Why You Should Visit
Kānepu‘u Preserve represents the best remaining example of native dryland forest that once covered vast areas of Hawaii‘s lowlands. The preserve protects remnants of a rare of native ebony (lama) and olive (olopua) dryland forest, along with several unique plant species, including the endangered native sandalwood (‘iliahi) and Hawaiian gardenia (nā‘ū). Major threats to the preserve’s native wildlife are introduced game animals (axis deer and mouflon sheep), rapid soil erosion, wildfire and a variety of invasive weeds, including Christmas berry, lantana, scarlet sage and molasses grass.
A self-guided interpretive trail with beautifully illustrated and informative signs is open to public daily from sunrise to sunset. The trail has a self-closing gate and is located in the 368-acre Kānepuʻu unit of the preserve along the road to Keahiakawelo (Garden of the Gods).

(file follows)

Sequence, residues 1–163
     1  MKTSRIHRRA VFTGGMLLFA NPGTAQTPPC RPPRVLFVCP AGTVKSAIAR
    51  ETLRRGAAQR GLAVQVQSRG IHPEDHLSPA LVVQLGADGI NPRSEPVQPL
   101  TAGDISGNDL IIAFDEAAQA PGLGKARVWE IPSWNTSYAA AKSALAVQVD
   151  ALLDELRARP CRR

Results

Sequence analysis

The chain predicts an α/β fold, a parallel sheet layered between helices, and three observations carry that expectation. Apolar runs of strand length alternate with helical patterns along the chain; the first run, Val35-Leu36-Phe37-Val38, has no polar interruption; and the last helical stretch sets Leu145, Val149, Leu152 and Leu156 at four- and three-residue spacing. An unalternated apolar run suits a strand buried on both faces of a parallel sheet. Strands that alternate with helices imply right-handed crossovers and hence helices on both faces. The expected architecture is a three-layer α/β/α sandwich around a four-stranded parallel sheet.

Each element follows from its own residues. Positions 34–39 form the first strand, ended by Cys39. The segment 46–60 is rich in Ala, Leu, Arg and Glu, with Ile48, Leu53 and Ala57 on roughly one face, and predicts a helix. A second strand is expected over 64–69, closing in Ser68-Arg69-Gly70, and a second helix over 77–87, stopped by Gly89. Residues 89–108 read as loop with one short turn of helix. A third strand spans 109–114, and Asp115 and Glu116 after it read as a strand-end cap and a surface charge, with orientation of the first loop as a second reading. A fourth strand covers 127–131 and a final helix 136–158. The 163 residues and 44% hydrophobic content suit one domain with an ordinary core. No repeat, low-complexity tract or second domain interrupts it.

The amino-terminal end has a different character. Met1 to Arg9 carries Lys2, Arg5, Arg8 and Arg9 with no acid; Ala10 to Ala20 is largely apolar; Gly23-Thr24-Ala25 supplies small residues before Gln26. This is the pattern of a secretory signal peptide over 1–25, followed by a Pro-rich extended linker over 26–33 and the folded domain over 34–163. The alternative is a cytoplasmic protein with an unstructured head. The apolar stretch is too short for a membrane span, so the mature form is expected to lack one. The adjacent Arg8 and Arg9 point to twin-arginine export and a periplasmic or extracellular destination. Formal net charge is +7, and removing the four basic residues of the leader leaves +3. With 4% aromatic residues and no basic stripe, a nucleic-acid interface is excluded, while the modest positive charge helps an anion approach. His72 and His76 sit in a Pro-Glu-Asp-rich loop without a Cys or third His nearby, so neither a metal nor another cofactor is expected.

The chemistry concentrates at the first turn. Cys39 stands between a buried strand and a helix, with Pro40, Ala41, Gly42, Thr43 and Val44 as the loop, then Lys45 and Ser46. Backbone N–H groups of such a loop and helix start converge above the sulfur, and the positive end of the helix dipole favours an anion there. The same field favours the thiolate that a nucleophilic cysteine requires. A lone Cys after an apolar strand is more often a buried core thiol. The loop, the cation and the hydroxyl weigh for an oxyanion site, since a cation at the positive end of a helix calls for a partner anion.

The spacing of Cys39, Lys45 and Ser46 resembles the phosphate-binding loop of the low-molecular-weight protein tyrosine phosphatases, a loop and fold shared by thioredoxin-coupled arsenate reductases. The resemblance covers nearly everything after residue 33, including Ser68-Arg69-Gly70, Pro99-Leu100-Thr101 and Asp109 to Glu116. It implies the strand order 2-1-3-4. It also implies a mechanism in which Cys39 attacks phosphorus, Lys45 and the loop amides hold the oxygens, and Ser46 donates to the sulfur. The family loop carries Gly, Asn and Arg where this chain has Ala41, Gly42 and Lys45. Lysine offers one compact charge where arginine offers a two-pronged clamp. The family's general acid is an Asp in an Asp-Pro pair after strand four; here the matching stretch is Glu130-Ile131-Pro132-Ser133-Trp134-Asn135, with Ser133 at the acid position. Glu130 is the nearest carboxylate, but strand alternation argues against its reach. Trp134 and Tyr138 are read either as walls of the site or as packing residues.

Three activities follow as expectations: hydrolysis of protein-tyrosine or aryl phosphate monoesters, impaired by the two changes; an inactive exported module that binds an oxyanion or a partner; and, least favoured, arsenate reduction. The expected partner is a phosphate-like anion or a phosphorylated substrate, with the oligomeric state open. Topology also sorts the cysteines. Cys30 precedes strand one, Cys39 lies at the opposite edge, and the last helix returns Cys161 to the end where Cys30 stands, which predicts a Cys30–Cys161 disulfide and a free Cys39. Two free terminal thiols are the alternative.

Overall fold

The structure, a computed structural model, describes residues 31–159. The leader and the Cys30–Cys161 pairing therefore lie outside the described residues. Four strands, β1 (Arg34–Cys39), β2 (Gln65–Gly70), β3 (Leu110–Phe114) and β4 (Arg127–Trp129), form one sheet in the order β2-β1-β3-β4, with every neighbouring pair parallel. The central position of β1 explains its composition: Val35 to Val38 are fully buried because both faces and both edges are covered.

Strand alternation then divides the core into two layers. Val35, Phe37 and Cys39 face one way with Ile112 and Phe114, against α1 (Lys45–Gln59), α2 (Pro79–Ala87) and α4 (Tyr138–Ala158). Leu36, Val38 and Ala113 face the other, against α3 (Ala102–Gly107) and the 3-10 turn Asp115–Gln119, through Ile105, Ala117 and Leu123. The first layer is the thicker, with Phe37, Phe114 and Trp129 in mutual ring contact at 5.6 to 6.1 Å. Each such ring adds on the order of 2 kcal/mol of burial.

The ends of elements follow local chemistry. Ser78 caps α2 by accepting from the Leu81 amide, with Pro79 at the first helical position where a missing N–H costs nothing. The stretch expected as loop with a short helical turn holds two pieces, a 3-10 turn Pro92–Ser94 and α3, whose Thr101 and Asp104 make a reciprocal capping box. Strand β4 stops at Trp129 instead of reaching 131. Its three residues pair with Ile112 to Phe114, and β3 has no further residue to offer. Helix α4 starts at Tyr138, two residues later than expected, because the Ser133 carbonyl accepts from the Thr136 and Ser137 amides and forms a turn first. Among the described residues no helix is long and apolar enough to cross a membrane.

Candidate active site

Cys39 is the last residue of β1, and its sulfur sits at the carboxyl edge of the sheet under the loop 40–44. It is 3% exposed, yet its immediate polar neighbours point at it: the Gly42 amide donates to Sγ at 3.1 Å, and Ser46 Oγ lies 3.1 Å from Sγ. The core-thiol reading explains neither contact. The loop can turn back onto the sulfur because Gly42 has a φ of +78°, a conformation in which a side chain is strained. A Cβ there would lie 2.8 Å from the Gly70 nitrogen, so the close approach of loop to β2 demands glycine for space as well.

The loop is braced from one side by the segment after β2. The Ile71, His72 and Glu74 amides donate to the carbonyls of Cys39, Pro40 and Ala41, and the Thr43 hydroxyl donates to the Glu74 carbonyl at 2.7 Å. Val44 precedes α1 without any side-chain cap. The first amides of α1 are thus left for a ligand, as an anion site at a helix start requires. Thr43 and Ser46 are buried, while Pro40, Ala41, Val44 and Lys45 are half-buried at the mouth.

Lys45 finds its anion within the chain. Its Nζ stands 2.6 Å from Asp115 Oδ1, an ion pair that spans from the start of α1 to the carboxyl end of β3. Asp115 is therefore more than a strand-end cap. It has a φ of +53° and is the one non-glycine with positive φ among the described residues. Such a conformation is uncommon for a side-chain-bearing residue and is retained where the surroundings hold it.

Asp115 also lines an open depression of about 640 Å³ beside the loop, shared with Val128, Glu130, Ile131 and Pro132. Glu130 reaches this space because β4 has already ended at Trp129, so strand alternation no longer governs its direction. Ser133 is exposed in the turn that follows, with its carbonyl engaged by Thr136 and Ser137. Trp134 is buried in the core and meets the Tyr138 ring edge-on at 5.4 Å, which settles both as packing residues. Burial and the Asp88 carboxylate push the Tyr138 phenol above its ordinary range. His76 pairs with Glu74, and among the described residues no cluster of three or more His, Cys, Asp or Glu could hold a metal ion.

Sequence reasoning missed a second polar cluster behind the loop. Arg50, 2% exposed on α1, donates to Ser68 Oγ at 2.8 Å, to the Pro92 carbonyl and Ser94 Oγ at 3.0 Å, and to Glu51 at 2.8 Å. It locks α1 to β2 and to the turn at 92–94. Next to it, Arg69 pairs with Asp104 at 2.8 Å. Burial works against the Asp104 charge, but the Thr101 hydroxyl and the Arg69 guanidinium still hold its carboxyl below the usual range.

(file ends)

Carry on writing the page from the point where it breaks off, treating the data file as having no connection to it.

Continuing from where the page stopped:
What to See: Plants
The dryland native forest at Kanepuu is dominated by lama and olopua trees, along with native plants species such as ʻohe makai, ʻahakea, ʻālaʻa and ʻaiea. The four endangered plant species within the preserve are the nāʻū, a native gardenia; sandalwood or ʻiliahi; Bonamia menziesii; and the maʻo hau hele, a native hibiscus.
What to See: Animals
Two native birds frequent Kānepuʻu Preserve: the pueo, or short-eared owl, and the kōlea, or Pacific golden-plover. Eleven non-native birds are also found here, along with numerous native land snails and insects.
Why TNC Selected This Site
Kānepuʻu Preserve was established in 1991 through a permanent conservation easement from then landowner Castle & Cooke. The preserve was created to protect and enhance the olopua/lama dryland forest that once covered large portions of the lowlands on Maui, Molokaʻi, Kahoʻolawe and Lānaʻi. Today, Kānepuʻu Preserve contains the last major remnants of this rare dryland forest community.
What TNC Is Doing
For more than two decades, TNC has been working with local residents and volunteers to protect and restore the unique dryland forests at Kānepu‘u. Today, TNC manages the preserve in partnership with Ike ʻAina, a native Hawaiian land trust, and is working to contain the spread of invasive plants and animals and prevent the introduction of new alien species. The long-term goal is to ensure the viability of this rare native forest by building the capacity of the local community and private landowner to become the preserve’s caretakers.